The concept of an information-processing utility poses many questions. Will the role of information utilities be sufficiently extensive and cohesive to create a whole new industry? If so, will this industry consist of a single integrated utility, like American Telephone and Telegraph, or will there be numerous individual utilities, like Consolidated Edison and the Boston Gas Company? Will the design and manufacture of computing components, terminal equipment, and programming systems be accomplished by subsidiaries of the information utility, as in the telephone industry, or will there be a separate industry of independent private manufacturers, like General Electric and Westinghouse in today’s electrical equipment industry?

This sounds an awful lot like utility computing. Something just isn’t right though. An information processing utility? American Telephone and Telegraph? Is that AT&T? GE and Westinghouse?

Perhaps the most important question of all concerns the legal matter of government regulation. Will the information utility be a public utility, or will it be privately owned and operated? Will some large companies have their own information utilities, just as some companies today have their own generating plants?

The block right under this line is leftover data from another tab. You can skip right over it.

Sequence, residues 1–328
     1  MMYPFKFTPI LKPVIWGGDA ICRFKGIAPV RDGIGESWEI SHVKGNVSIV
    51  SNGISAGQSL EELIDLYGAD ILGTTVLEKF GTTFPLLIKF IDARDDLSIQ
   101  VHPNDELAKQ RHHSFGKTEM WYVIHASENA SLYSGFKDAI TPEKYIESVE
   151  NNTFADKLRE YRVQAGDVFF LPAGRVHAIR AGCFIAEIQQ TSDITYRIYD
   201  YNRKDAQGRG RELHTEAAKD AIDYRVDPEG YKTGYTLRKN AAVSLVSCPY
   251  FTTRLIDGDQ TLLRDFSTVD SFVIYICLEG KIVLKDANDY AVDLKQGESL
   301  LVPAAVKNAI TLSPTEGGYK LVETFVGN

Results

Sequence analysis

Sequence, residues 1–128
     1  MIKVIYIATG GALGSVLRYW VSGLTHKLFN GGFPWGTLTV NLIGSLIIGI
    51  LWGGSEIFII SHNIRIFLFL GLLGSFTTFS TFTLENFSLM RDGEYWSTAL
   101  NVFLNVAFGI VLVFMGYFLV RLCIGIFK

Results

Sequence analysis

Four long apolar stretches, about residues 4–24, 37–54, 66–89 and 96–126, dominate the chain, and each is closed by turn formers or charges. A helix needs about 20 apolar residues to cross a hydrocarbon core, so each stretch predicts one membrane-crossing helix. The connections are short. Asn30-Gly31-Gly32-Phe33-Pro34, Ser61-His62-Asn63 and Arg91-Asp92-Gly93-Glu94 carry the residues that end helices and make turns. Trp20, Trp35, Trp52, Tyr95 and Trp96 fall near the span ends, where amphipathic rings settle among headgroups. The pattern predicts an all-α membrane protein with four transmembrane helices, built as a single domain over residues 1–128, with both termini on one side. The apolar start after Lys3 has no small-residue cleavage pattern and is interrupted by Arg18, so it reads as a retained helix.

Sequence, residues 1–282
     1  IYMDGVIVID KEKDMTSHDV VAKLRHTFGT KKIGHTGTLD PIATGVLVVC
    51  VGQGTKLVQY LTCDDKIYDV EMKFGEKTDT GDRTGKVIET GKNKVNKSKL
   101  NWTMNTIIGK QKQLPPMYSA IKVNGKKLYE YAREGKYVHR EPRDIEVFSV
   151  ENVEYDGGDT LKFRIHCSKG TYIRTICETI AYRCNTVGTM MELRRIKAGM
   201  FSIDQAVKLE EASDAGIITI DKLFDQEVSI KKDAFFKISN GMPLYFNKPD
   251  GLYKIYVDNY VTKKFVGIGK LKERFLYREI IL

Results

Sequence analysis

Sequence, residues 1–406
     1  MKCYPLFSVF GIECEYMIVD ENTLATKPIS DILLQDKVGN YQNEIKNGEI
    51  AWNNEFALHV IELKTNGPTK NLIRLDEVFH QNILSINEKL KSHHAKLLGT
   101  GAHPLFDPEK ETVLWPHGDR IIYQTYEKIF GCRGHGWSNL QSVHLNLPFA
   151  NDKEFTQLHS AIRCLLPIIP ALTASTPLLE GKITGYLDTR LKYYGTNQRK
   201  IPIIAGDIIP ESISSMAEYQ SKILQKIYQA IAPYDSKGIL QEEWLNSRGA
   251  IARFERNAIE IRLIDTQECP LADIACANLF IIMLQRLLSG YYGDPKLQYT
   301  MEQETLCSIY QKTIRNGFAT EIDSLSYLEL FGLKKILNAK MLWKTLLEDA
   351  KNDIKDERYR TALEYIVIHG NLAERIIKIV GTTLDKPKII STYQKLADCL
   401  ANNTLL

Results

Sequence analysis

That also sounds like the cloud computing that has been growing at Amazon and Google. Those are sort of like the questions people are asking. Who will own the cloud and how homogeneous will it be. And re-read that last sentence.

The high cost of capital equipment is a major reason why producers of electricity are public utilities instead of unregulated companies. A second reason is the extensive distribution network they require to make their product generally available. This network, once established, is geographically fixed and immovable. Wasteful duplication and proliferation of lines could easily result if there were no public regulation.

This above paragraph is so true. Check out the following paragraph: